DHS protects America from logos, confusion

A while back, Carolyn pointed us to Reallyready.org, the Federation of American Scientist’s effort to improve upon the laughable Department of Homeland Security site, Ready.gov. Since then, Reallyready has received unequivocably good press and positive feedback from everyone. Everyone, it turns out, except the DHS. Yes, the Department of Homeland Security dropped what it was ...

607058_ReallyReady5.jpg
607058_ReallyReady5.jpg

A while back, Carolyn pointed us to Reallyready.org, the Federation of American Scientist's effort to improve upon the laughable Department of Homeland Security site, Ready.gov. Since then, Reallyready has received unequivocably good press and positive feedback from everyone. Everyone, it turns out, except the DHS.

Yes, the Department of Homeland Security dropped what it was doing (confiscating an old lady's shipment of Lipitor) and grabbed their lawyer to fire off this angry letter to FAS:

The designations and logos used on your organization's website are substantially similar to the marks for which the Department has filed these [service mark] applications. Moreover, the intent and use of your organizations logos are for a similar purpose, if not the same purpose, for which the Department is using its marks. This will cause substantial confusion to the public and, in our estimation, already has confused the public given the press coverage of your website.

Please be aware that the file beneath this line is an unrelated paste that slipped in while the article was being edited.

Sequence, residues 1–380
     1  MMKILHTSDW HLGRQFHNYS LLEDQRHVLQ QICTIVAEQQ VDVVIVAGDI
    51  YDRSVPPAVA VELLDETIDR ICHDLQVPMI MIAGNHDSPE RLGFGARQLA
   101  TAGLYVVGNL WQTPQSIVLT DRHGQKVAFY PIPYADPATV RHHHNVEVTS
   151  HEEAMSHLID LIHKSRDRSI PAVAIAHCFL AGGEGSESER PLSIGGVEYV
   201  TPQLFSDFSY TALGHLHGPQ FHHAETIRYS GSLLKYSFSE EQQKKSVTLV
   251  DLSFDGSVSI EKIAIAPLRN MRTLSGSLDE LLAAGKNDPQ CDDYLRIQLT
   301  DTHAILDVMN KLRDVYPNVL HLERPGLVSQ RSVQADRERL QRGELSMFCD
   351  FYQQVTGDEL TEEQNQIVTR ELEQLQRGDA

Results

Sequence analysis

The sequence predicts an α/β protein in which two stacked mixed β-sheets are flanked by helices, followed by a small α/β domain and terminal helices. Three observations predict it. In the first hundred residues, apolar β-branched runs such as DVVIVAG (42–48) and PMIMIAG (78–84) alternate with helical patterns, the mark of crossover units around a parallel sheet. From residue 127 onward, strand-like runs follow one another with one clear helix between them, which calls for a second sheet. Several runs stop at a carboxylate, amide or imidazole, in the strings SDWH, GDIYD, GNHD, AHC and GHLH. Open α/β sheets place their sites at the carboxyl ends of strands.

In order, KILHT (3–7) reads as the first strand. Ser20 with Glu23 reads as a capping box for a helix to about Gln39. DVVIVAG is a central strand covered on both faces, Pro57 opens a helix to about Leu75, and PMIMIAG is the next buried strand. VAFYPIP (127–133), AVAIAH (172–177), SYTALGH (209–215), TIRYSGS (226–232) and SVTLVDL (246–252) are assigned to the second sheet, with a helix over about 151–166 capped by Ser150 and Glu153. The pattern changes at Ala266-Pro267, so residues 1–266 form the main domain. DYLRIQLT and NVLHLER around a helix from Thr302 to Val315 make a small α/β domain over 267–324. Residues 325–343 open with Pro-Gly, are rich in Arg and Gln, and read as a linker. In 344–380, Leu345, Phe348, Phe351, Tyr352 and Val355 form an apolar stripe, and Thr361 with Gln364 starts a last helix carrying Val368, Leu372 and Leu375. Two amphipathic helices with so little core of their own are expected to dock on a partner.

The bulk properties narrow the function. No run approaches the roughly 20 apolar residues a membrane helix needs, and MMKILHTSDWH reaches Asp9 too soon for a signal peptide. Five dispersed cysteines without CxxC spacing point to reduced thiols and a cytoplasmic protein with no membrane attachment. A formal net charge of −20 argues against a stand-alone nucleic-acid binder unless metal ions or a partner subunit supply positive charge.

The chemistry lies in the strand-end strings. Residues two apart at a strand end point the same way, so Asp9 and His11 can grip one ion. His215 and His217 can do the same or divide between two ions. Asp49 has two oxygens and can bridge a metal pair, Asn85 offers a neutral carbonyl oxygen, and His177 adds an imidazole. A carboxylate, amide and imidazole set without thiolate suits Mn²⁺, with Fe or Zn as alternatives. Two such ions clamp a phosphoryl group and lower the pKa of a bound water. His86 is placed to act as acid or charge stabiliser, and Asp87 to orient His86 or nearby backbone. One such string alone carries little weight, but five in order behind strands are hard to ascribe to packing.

A while back, Carolyn pointed us to Reallyready.org, the Federation of American Scientist’s effort to improve upon the laughable Department of Homeland Security site, Ready.gov. Since then, Reallyready has received unequivocably good press and positive feedback from everyone. Everyone, it turns out, except the DHS.

Yes, the Department of Homeland Security dropped what it was doing (confiscating an old lady’s shipment of Lipitor) and grabbed their lawyer to fire off this angry letter to FAS:

The designations and logos used on your organization’s website are substantially similar to the marks for which the Department has filed these [service mark] applications. Moreover, the intent and use of your organizations logos are for a similar purpose, if not the same purpose, for which the Department is using its marks. This will cause substantial confusion to the public and, in our estimation, already has confused the public given the press coverage of your website.

We consider the marks in the above listed service mark applications as valuable intellectual property of the Government and worth protecting to prevent the confusion your organization’s website is causing. Accordingly, we request that your organization immediately halt the use of the designations and logos that are substantially similar to those marks the Department of Homeland Security owns.

Thanks to the DHS’s swift action, the logo threat has been abated. FAS has changed the logos in question so that they are more distinct from those on Ready.gov. But of course, they took the opportunity to get in a few last licks:

An unbiased observer would be forgiven for at least suspecting that DHS is not really concerned about confusing the public, they are using these use mark demands as a way to stifle a site that is embarrassing to them. Rather than worry about what they should be worrying about, providing clear information to the public, they are worrying that they look bad. We could hope for more, but the DHS that we are dealing with turns out to be a bunch of petty cover-your-ass bureaucrats more concerned about embarrassment than doing their jobs.

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